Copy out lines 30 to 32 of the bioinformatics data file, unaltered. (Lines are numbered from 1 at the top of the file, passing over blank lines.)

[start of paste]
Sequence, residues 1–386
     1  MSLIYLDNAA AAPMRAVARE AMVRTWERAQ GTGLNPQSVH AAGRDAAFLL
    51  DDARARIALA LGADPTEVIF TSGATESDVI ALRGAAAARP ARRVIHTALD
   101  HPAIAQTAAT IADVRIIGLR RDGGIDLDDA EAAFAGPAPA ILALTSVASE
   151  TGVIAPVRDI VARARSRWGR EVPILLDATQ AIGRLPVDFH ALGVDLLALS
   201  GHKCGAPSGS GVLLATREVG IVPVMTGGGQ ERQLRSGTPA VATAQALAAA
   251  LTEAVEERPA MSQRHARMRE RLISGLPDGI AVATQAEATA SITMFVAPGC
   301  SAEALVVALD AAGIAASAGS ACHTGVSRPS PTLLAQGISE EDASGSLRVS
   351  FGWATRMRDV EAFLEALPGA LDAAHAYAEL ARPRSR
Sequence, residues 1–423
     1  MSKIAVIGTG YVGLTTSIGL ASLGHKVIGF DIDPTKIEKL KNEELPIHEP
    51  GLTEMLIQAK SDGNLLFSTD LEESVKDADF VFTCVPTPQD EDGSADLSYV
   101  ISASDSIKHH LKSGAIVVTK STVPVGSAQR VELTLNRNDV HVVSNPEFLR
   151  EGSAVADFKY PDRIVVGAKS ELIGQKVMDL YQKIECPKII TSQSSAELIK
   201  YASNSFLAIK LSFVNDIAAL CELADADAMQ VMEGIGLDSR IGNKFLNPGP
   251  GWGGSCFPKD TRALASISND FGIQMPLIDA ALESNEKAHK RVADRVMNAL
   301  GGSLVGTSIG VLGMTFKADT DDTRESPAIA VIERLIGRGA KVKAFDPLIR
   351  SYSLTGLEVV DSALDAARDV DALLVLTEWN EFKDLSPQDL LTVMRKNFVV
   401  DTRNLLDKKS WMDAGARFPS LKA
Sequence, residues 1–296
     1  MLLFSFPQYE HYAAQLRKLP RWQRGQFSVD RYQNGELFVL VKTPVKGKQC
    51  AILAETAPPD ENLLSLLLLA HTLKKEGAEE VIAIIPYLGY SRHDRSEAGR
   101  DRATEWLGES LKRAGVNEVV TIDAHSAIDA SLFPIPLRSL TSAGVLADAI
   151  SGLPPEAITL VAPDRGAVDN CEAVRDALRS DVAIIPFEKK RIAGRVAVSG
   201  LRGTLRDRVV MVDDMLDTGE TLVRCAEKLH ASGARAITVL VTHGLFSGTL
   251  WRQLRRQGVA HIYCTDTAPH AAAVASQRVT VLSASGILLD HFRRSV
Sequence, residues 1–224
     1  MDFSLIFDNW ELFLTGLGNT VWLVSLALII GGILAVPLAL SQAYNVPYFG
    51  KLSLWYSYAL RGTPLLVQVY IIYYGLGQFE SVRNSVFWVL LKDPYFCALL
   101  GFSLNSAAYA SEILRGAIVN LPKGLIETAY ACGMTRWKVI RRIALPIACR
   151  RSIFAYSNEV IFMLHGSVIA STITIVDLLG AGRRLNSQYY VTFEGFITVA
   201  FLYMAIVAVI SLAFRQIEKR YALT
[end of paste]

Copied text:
   101  GFSLNSAAYA SEILRGAIVN LPKGLIETAY ACGMTRWKVI RRIALPIACR
   151  RSIFAYSNEV IFMLHGSVIA STITIVDLLG AGRRLNSQYY VTFEGFITVA
   201  FLYMAIVAVI SLAFRQIEKR YALT